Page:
Author + information
- Received April 13, 2004
- Revision received June 17, 2004
- Accepted July 5, 2004
- Published online October 19, 2004.
- Victoria Polyakova, PhD*,* (, )
- Stefan Hein, MD†,
- Sawa Kostin, MD*,
- Tibor Ziegelhoeffer, MD* and
- Jutta Schaper, MD*
- ↵*Reprint requests and correspondence:
Dr. Victoria Polyakova, Max-Planck-Institute, Dept. of Experimental Cardiology, Benekestr. 2, D-61231 Bad Nauheim, Germany
Objectives We studied the role of matrix metalloproteinases (MMPs) and their tissue inhibitors (TIMPs) in fibrosis formation in the transition from hypertrophy to heart failure (HF) as well as the cellular source of MMPs and TIMPs.
Background Human pressure-overloaded hearts are characterized by a significant increase in cardiac fibrosis. However, the contribution of the proteolytic/antiproteolytic system in aortic stenosis (AS) during hypertrophy progression has not yet been elucidated.
Methods Three groups of AS patients (I: EF >50%, n = 12; II: EF 50% to 30%, n = 10; III: EF <30%, n = 12) undergoing aortic valve replacement and seven controls were studied. Tissue samples were investigated by immunoconfocal microscopy, Western blotting, and zymography.
Results Quantitative analysis by immunoconfocal microscopy and Western blotting showed an upregulation of MMP-1, -2, -3, -9, -13, and -14 in group I and further increases in later stages. Tissue inhibitors of metalloproteinase-1 and -2 were enhanced and TIMP-4 was decreased in comparison to control. Gelatinolytic activity of MMP-2 significantly (p < 0.05) increased 1.2-fold (group I), 1.5-fold (group II), and 1.6-fold (group III) over control. The level of collagen I was significantly upregulated in all AS groups. Immunoconfocal microscopy showed that MMPs and TIMPs are produced predominantly by fibroblasts. The number of proliferating fibroblasts was significantly elevated during the transition to HF (0.67 n/mm2-control, 5.03-group III, p < 0.05).
Conclusions In human hearts a continuous turnover of the extracellular matrix occurs during the progression from compensated hypertrophy to HF that is characterized by the upregulation of MMPs and inadequate inhibition by TIMPs. The altered balance between proteolysis/antiproteolysis with accompanying proliferation of fibroblasts results in fibrosis progression.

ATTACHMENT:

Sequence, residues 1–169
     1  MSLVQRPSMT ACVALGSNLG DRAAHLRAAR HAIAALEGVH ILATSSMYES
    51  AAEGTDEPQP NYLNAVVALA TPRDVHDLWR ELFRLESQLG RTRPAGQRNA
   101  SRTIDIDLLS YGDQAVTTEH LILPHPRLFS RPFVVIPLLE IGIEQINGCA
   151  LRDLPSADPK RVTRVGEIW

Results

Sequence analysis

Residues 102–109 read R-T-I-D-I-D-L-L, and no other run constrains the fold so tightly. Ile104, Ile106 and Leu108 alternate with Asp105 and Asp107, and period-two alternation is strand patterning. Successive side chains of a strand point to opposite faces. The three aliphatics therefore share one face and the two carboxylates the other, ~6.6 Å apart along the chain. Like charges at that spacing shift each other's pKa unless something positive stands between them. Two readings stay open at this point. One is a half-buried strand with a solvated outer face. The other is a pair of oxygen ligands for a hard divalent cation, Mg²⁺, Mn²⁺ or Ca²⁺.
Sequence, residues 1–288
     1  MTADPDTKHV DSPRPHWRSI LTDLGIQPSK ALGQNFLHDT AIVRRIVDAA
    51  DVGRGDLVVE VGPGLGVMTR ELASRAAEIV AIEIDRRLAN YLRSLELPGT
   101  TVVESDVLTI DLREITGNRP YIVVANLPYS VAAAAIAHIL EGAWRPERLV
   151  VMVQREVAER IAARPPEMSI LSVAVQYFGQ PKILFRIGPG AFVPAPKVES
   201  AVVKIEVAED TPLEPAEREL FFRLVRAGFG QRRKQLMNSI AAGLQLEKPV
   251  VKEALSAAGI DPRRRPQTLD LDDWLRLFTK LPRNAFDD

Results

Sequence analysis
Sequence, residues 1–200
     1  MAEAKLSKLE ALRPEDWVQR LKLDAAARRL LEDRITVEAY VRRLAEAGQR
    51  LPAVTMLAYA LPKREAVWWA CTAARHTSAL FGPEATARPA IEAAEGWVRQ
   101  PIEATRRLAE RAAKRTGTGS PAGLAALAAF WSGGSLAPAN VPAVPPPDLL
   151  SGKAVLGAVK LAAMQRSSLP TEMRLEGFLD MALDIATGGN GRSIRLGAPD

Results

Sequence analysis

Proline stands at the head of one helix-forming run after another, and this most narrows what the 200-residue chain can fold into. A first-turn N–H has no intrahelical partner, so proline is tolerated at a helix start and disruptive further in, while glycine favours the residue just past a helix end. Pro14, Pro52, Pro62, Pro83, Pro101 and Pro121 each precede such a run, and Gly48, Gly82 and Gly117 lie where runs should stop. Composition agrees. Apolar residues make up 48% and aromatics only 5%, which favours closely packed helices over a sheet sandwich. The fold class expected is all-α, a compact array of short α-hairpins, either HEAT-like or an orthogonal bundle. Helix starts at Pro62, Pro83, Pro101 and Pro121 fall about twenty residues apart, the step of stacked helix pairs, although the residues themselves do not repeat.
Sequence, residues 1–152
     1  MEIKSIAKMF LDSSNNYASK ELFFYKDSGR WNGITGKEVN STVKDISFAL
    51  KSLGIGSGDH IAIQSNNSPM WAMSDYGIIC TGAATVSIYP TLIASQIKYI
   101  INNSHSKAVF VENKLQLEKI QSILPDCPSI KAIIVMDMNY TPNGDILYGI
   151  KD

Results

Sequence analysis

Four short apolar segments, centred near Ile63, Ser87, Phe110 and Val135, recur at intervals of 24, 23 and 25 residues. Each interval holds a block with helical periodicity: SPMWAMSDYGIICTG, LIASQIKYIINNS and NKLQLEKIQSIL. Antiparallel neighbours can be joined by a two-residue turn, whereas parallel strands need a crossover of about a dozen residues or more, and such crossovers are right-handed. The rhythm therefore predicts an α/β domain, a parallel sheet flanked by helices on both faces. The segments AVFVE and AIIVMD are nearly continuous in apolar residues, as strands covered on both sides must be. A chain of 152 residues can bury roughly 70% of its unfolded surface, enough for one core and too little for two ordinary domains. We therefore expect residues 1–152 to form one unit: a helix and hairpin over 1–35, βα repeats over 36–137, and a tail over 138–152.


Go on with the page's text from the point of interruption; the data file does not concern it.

Recently, our group showed that in patients with hypertrophy due to aortic valve stenosis (AS) a continuous remodeling process of the left ventricular (LV) myocardium takes place and appears to be the major factor determining the development of heart failure (HF) (1). It was documented that a close correlation exists between cardiac function and myocardial morphology and that the deterioration of clinical LV parameters occurred in parallel with progressive fibrosis, myocyte degeneration, and cell death. However, the possibility of an involvement of the enzymatic systems of proteolysis and antiproteolysis in extracellular matrix (ECM) remodeling development has not been studied. Matrix metalloproteinases (MMPs) represent the major proteolytic system for the ECM and, together with their tissue inhibitors (TIMPs), are of significant importance in cardiac remodeling. The activity and expression of MMPs and TIMPs essentially vary in different cardiac diseases. In experimental hypertrophy the MMP portfolio has been reported to be affected by diverse factors including the type of cardiac overload (2). In human myocardium an MMP/TIMP imbalance was observed in end-stage HF (3,4), whereas in experimental models a variable MMP expression depending on the severity of hypertrophy was demonstrated (5–8). However, data about specific profiles of MMPs and TIMPs in AS during the transition from compensated to decompensated hypertrophy are missing.
Despite the fact that numerous reports demonstrate the ability of different cell types to synthesize MMP in vitro (9,10), the cellular source of proteinases and their local inhibitors in vivo is still an issue.
We hypothesized that fibrotic changes in the interstitium of hypertrophied myocardium in AS patients are accompanied by the consecutive development of an MMP/TIMP imbalance and that mainly interstitial cells synthesize these enzymes. The aim of the present research was two-fold: 1) to evaluate the levels of MMPs and TIMPs in different stages of hypertrophy and their involvement in ECM remodeling; and 2) to determine the tissue source of these proteolytic and antiproteolytic systems.
Materials and methods
Thirty-four patients with isolated aortic valve stenosis were subdivided into three different groups on the basis of EF determined echographically at the time of admission: I group, EF > 50% (n = 12); II group, EF 50% to 30% (n = 10); III group, EF < 30% (n = 12). All patients had no evidence of any other cardiovascular disease and underwent surgical aortic valve replacement. Controls consisted of three donor hearts that were not used for transplantation and four biopsies from patients undergoing closure of an atrial septum defect with normal left ventricles. Clinical data are presented in Table 1.The institutional Ethical Committee approved the study. All patients gave informed consent.